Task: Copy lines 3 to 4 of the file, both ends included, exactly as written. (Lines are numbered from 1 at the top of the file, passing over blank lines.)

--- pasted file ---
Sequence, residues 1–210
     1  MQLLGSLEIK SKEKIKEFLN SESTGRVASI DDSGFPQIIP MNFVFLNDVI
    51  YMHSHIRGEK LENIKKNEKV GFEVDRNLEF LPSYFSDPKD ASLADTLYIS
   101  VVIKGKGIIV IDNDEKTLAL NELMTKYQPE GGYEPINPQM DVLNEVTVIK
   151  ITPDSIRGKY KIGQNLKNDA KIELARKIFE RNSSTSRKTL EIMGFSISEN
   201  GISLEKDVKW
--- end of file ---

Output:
    51  YMHSHIRGEK LENIKKNEKV GFEVDRNLEF LPSYFSDPKD ASLADTLYIS
   101  VVIKGKGIIV IDNDEKTLAL NELMTKYQPE GGYEPINPQM DVLNEVTVIK